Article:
The transformations of the French labor market, 2000–2021 Updated

The transformations of the French labor market, 2000–2021

CNRS-Centre Maurice Halbwachs, and ENS, France, and IZA, Germany

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Elevator pitch

France has the second largest population of countries in the EU. Since 2000, the French labor market has undergone substantial changes resulting from striking trends, some of which were catalyzed by the Great Recession and the Covid-19 crisis. The most interesting of these changes have been the massive improvement in the education of the labor force (especially of women), the resilience of employment during recessions, and the dramatic emergence of very-short-term employment contracts (less than a week) and low-income independent contractors, which together have fueled earnings inequality.

Employment rate and annual wage
                        earnings

Key findings

Pros

Massive furlough schemes have avoided employment ravages among permanent workers during the lockdowns and sanitary restrictions in 2020–2021.

The proportion of tertiary-educated workers is continuously increasing, while their employment rate remains high and acyclic.

The Great Recession did not stop the rise of the employment rate for women; it is now stabilized at its highest level since World War II.

The labor force participation of workers aged 50–64 has risen significantly.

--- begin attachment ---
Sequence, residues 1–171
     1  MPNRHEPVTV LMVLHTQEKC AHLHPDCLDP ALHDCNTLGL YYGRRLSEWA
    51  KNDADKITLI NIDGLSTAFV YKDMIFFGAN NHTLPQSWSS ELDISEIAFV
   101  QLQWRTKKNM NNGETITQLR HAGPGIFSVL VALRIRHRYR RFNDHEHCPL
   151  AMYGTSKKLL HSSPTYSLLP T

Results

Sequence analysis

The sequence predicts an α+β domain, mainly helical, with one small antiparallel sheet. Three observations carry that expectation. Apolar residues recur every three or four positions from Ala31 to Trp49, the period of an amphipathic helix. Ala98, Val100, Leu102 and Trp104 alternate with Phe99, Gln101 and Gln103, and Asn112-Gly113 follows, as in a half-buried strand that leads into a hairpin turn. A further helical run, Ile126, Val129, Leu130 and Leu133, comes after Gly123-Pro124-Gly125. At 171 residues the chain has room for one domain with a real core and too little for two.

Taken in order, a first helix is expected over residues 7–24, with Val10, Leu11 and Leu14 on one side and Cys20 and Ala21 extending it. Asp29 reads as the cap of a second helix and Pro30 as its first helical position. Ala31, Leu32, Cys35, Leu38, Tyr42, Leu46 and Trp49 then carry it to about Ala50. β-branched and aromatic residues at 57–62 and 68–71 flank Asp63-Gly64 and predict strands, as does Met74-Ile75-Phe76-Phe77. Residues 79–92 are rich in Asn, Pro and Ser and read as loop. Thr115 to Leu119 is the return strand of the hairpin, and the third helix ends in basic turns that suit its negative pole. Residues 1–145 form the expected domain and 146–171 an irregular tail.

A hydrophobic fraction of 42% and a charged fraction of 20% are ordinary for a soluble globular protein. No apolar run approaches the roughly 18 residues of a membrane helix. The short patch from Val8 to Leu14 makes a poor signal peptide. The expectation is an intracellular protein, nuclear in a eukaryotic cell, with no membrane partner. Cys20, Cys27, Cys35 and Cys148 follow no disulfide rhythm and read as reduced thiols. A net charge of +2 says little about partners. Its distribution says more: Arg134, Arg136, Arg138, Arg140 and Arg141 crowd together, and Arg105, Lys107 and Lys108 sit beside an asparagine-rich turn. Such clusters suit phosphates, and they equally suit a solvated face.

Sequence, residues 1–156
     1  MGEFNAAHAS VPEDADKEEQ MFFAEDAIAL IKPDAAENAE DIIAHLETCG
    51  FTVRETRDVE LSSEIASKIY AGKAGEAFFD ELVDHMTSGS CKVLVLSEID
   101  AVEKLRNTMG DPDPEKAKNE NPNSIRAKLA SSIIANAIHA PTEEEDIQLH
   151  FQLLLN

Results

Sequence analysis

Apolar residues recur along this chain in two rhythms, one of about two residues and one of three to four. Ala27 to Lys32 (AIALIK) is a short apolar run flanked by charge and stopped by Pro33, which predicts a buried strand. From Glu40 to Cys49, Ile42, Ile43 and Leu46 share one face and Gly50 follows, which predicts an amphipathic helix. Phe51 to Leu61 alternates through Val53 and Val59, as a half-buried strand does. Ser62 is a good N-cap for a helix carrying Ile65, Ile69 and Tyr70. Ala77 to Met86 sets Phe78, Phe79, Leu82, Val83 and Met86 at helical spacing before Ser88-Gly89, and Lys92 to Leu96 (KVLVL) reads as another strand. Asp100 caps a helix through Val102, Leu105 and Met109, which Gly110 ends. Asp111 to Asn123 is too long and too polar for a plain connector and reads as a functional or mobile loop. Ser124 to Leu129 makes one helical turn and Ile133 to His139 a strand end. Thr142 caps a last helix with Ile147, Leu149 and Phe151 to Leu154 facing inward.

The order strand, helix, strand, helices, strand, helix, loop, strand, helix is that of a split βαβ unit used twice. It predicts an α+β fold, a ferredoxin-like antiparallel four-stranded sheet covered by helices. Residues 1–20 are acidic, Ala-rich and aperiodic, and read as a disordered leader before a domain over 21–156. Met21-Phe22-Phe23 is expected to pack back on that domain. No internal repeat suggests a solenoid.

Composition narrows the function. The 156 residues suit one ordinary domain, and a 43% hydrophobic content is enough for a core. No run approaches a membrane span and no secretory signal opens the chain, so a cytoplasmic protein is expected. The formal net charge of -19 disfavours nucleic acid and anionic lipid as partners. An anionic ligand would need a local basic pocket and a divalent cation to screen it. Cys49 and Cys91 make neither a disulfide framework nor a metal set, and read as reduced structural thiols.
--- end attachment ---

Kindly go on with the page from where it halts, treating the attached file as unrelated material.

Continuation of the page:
Real earnings of the average and median full-time worker have risen until 2019.

Cons

Long-term unemployment and older workers’ unemployment never fully recovered from the Great Recession.

Spatial heterogeneity in unemployment is still large.

The use of very-short-term labor contracts (less than a week) has increased dramatically.

Annual earnings inequality has increased, driven by a decline in real terms at the bottom of the distribution.

New independent contractors replacing traditional artisans or involved in gig activities have low incomes and poor social protection.

Author's main message

According to unemployment (up to 2021) and inequality measures (up to 2019), the French labor market seems to have returned to the state it was in at the turn of the century. However, this simplistic view belies massive change. The educational attainment of the workforce has dramatically improved, pension reforms have stimulated the participation of older workers, and the employment rate has increased despite the 2009 and 2020 recessions. Women have also closed the gender gap in terms of unemployment, though men still enjoy higher wages. Looking ahead, policymakers must decide how to tackle persistent inequality, long-term unemployment, structural changes in low-income work, and the risk of a less employable generation in the wake of the education failures during the Covid-19 crisis.

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